After complaining about Raiden taking over from Snake, lots of gamers complained that the story of MGS2 had got too difficult to follow. I imagine the Wikipedia page has taken a fair few hits over the years as everyone has tried to make sense of it all.
We all got a bit confused when the Colonel started freaking out on us over the Codec, didn’t we? INEEDSCISSORS61 and all that jazz. Well, what I found to be more disturbing was his speech regarding freedom, and the liberty that humans are truly allowed to possess.
When I first played the game in 2002, I was too young to fully appreciate and understand the message that was being conveyed in MGS2. Listening once more to the Patriot’s speech with a more experienced mind, it makes a terrifying amount of sense. The ideas of “convenient half truths”, “context”, and contradictory lessons we are taught from a young age, are all elements of society that we can identify.
“Is that even your own idea?”
The Patriots state that we “lack the qualifications to exercise free will”. Kojima is very cleverly utilising a video game, a medium which relies on a massive limitation of free will in exchange for alternative realities, in order to convey such a powerful commentary on the state of politics and the direction society is headed towards. We finish MGS2 feeling as though we, along with Raiden, have been mere pawns throughout the experience.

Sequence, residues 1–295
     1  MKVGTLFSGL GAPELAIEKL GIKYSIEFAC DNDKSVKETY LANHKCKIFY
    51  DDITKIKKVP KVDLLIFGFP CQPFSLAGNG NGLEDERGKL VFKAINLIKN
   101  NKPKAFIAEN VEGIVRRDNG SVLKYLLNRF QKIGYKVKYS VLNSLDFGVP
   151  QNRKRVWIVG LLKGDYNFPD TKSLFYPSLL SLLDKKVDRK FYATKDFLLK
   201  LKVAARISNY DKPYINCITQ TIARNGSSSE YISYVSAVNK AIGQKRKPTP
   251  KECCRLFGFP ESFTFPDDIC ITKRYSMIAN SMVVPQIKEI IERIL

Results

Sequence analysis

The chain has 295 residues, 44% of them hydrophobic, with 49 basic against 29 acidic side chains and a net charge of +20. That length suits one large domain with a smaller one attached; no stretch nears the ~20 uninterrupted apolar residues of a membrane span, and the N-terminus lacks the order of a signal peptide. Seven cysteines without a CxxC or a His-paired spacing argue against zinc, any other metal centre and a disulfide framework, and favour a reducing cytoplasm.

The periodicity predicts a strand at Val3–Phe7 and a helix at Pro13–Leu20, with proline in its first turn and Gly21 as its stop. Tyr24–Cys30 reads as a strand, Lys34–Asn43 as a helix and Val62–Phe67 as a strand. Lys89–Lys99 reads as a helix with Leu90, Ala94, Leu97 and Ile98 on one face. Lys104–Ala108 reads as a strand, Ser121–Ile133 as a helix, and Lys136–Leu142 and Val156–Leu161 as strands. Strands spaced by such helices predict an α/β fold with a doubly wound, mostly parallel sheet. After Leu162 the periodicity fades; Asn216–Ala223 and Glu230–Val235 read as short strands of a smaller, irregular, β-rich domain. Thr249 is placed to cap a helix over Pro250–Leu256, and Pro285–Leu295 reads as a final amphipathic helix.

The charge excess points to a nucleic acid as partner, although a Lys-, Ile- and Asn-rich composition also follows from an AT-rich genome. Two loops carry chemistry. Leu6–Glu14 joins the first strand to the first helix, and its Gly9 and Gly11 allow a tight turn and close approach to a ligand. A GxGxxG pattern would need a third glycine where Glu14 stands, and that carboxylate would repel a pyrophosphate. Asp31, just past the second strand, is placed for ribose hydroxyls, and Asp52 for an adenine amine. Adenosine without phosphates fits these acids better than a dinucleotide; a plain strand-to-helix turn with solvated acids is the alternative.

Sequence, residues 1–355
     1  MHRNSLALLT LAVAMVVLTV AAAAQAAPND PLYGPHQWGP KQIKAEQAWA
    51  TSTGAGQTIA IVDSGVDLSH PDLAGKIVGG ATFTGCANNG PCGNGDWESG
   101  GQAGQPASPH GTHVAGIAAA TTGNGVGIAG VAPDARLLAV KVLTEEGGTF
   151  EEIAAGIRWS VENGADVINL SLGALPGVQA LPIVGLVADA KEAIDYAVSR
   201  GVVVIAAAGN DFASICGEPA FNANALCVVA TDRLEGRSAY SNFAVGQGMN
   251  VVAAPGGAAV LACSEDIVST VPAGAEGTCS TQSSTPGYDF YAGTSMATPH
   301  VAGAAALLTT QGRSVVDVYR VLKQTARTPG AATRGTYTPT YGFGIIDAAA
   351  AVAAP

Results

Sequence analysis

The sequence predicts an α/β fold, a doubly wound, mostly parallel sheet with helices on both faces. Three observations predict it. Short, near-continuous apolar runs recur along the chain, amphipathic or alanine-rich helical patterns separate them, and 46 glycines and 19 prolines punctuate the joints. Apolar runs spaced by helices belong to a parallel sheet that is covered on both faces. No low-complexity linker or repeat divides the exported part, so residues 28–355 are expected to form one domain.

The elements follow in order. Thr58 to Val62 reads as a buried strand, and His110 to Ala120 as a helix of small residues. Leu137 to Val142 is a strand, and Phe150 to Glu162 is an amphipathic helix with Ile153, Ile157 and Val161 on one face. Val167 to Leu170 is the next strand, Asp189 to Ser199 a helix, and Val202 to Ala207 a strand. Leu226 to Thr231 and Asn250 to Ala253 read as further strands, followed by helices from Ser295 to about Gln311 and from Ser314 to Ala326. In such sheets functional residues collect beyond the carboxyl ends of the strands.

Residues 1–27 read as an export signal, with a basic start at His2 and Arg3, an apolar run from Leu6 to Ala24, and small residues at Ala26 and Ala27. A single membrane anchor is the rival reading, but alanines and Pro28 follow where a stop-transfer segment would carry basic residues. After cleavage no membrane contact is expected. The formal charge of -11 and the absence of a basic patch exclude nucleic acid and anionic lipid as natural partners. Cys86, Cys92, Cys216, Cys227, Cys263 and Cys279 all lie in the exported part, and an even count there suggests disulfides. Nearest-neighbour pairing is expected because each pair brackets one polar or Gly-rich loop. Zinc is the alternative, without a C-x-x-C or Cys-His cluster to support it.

The speech also discusses the influences of technology over our society, and how dangerous such freedom of speech could be. The suggestion that the digital age has somewhat dumbed down our culture is something which cannot be ignored. A message which was certainly ahead of its time; in recent years the internet has been flooded with the likes of Facebook, Twitter, and certain infamous imageposting boards which shall not be named. Is there even such a thing as “context” any more? Even more concerning is the idea of entire governments condemning or even banning such sites. Were these fictional Patriots correct? Is there such a thing as too much freedom?
Well… I hope that wasn’t too heavy for you. I’d love to get a discussion going, so please feel free to leave me any comments with your opinions on any of the subjects I’ve touched today. If you guys enjoyed this (and my editors let me!) I’ll dedicate a future column to another title in the series, because I’ve really loved writing this one.